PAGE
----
Top herbaceous development

This page and its linked pages are in development. More pictures of this area over the years to follow.

Spiral topiary
Spiral beech topiary with leylandii in the background

Leylandi behind the spiral beech

1. Leylandi behind the spiral

Behind the beech spiral was a leylandi, which although clipped to shape each year, was preventing the spiral develop its full radius at the rear. It also made the bed beneath it very shady and prevented much growing here.

It was decided that it had to go! We still have two clipped leylandii on the opposite side of the garden to retain this form of topiary, but the tree was cut down in August 2015. Smaller than the golden variety cut down in 2013, it was not a difficult job.

All the smaller branches were shredded to use as mulch around the garden. The larger branches were cut for kindling, and put in sacks to dry out over the coming months.

A sticky business, with a lot of resin oozing out of any cuts made!

Cutting trees down is like managing any other unruly plants. And it provides some fuel for the woodburner.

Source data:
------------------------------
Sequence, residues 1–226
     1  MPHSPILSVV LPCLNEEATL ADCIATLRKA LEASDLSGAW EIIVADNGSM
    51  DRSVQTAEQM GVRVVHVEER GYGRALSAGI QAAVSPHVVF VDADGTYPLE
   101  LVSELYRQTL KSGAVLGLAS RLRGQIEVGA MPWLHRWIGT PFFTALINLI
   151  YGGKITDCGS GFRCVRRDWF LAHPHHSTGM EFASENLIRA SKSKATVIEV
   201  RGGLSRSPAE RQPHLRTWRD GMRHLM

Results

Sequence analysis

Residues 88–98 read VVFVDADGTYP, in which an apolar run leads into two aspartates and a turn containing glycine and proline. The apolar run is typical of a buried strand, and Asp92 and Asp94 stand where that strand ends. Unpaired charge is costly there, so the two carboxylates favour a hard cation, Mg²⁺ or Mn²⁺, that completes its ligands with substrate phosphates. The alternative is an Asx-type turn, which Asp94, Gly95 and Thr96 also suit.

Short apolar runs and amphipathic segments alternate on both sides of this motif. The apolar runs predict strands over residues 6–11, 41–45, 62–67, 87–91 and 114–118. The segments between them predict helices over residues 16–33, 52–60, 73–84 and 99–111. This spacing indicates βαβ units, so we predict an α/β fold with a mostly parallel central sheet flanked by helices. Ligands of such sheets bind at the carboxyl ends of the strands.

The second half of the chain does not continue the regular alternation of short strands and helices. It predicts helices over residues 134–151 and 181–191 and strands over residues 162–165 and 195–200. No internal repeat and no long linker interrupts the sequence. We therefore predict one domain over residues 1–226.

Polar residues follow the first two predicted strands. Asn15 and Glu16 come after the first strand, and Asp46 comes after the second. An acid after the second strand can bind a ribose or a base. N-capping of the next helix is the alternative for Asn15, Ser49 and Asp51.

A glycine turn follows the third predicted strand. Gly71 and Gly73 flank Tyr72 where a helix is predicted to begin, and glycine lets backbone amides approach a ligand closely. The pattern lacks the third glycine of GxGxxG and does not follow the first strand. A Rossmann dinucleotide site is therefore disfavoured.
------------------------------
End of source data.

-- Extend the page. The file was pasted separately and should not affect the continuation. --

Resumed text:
Clearing tree stump
Stump awaiting digging out with its roots

Stump left behind

2. Stump removal

The stump was left cut to about four feet in height, to provide some leverage when digging out the roots. A circle was then dug around the stump, about six feet in diameter, and ivy, bindweed and other roots were cleared. This ended up going about two feet down to expose all the roots. The opportunity was also taken to remove a ridiculously large amount of concrete which my neighbour's had poured to try and stabilise their fence posts some years ago. The original bucket sized concrete around a metal fence spike, but then some later extensions, all of which seemed to be on my side of the fence! And the local council now charges for rubble disposal at around £2.50 a bag.

Clearing tree stump
Neighbour's concrete fence footings, and a deep hole to remove the tree roots

Concrete foundations and stump

3. Digging down

As I will be planting up this bed with perennials, I wanted to get as much of the tree roots out as possible. This involved sawing, lopping, levering, excavating and rocking on the stump until all eventually gave way.

The hole was then refilled, but incorporating a few trug fulls of garden compost to break up the heavy clay and give it a bit of life. The intention is then to work upwards along the rest of this overgrown border, and leave it rough dug over winter for some frosts to help break the clay down a little more.